By: Kathy Hubbard
The woman I called my mother-in-law was actually my late husband’s stepmother. She was what one might call formidable. She was large, opinionated, and stubborn, but I liked her. When she was in her fifties, she was diagnosed with type 2 diabetes.
Although she was good at taking her insulin and other meds, she pretty much ate whatever she wanted, spent her days watching daytime television, and didn’t seem to care that she was around 50 pounds overweight.
She was surprised when she had to stop driving because she couldn’t feel her feet, angry when her vision became impaired, and furious when her kidneys got so bad she needed dialysis three times a week. She was a classic example of what not to do. She died due to complications, not the least of which was having to have both her legs amputated at the hip.
I’m telling you this because November is Diabetes Awareness Month. November was chosen because it’s the birthday of Dr. Frederick Banting. He and John Macleod discovered insulin in 1921 and received a Nobel prize for their research.
Today, the number of people being diagnosed with diabetes is skyrocketing. According to the Centers for Disease Control and Prevention, 37 million Americans have diabetes. That’s about one in ten people. And one in five people don’t know they have it.
Ninety-six million Americans have prediabetes, with more than eight out of ten who haven’t a clue. The total medical costs and lost work and wages are estimated at $327 billion. Typically, people with diabetes have medical bills that are at least twice as high as for people without diabetes.
Approximately 90 to 95% of all diagnosed cases of diabetes are type 2. The risk factors include being overweight, having a family history, and being physically inactive. If you’re diagnosed with prediabetes, losing weight by eating a healthy diet and being more active can cut your risk in half of it becoming type 2.
Until recently, type 2 diabetes was rarely seen in young people. It was labeled “adult-onset diabetes” because it most often occurred in people over 45 years old. But times have changed.
“Now, about one-third of American youth are overweight, a problem closely related to the increase in kids with type 2 diabetes, some as young as 10 years old,” CDC explains.
All people who are overweight, particularly those with excess belly fat, are susceptible to insulin resistance, which is a major risk factor for type 2 diabetes. Insulin resistance typically has no symptoms.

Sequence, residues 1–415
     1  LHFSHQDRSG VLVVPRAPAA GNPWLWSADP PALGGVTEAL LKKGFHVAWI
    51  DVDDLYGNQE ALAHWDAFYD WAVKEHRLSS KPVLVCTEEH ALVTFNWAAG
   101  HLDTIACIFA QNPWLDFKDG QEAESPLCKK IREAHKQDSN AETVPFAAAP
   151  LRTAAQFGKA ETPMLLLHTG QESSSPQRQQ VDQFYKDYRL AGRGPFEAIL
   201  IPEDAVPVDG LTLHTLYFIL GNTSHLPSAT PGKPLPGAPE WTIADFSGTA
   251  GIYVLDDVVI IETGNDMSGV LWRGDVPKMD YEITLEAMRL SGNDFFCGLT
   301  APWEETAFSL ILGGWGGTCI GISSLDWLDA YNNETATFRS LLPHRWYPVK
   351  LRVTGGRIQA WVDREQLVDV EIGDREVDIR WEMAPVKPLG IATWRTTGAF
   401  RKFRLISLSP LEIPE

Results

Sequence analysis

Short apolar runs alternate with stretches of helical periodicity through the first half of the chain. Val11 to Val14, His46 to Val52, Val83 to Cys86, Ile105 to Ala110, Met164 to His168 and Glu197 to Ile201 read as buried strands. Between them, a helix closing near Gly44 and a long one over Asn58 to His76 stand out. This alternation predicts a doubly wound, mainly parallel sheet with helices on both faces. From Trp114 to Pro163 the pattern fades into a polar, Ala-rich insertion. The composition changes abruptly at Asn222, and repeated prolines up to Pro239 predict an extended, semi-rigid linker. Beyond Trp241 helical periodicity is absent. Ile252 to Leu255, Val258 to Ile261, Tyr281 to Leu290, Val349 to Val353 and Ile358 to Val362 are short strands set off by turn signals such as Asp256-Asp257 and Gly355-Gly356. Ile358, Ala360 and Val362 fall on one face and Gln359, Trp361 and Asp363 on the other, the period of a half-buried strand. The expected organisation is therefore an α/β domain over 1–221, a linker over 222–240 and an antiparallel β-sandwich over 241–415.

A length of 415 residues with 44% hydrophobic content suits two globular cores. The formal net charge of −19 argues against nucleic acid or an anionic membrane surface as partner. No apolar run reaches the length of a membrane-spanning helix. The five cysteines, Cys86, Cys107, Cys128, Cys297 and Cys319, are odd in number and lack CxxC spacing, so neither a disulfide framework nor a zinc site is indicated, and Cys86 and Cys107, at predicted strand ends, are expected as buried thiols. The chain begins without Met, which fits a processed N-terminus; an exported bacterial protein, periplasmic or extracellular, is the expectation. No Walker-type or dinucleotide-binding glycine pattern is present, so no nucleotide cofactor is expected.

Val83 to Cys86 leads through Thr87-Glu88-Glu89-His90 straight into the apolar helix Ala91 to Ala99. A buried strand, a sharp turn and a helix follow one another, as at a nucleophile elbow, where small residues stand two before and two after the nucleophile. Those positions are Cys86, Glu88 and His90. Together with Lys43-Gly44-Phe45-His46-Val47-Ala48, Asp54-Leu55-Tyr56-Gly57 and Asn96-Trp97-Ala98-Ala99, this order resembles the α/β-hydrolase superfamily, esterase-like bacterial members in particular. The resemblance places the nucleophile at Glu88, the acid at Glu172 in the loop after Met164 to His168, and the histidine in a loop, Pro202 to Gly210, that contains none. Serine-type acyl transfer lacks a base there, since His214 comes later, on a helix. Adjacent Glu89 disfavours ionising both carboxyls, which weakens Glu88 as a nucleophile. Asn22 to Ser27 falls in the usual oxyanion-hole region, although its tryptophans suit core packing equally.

“Some kids develop patches of thickened, dark, velvety skin called acanthosis nigricans, usually in body creases and folds such as the back of the neck or armpits. They may also have other conditions related to insulin resistance, including high blood pressure, high cholesterol, and polycystic ovary syndrome.
In adults and children, being physically active lowers the risk because it helps the body utilize insulin more efficiently, decreasing insulin resistance. “Physical activity improves health in lots of other ways, too, from controlling blood pressure to boosting mental health,” the CDC says.
It’s important to help your children take charge of their health while they’re young. According to the CDC, “Kids who get type 2 diabetes are usually diagnosed in their early teens. One reason is that hormones present during puberty make it harder for the body to use insulin, especially for girls, who are more likely than boys to develop type 2 diabetes.”
Children of parents with type 2 diabetes are at a higher risk for the disease as well. This is most likely because poor eating habits and a sedentary lifestyle are the norm. That’s probably why my sister-in-law is prediabetic; it’s a reflection of her mother.
Talk to your healthcare provider about your and your children’s risks. You might even ask for a referral to talk to Bonner General Health’s registered clinical dietitian and registered diabetes education coordinator, Sandra Frank, MS, RDN, LD, CDCES. Those letters behind her name indicate that she’s an expert in assessing inpatients’ nutritional needs after illness, surgery, or diagnosis. She also provides counseling to adult and pediatric outpatients on Medical Nutrition Therapy (MNT), covering diabetes, weight management, oncology, cardio-metabolic and renal conditions, as well as GI health.
Kathy Hubbard is a member of the Bonner General Health Foundation Advisory Council. She can be reached at firstname.lastname@example.org. This article was written for publication in the Bonner County Daily Bee: on November 8, 2023.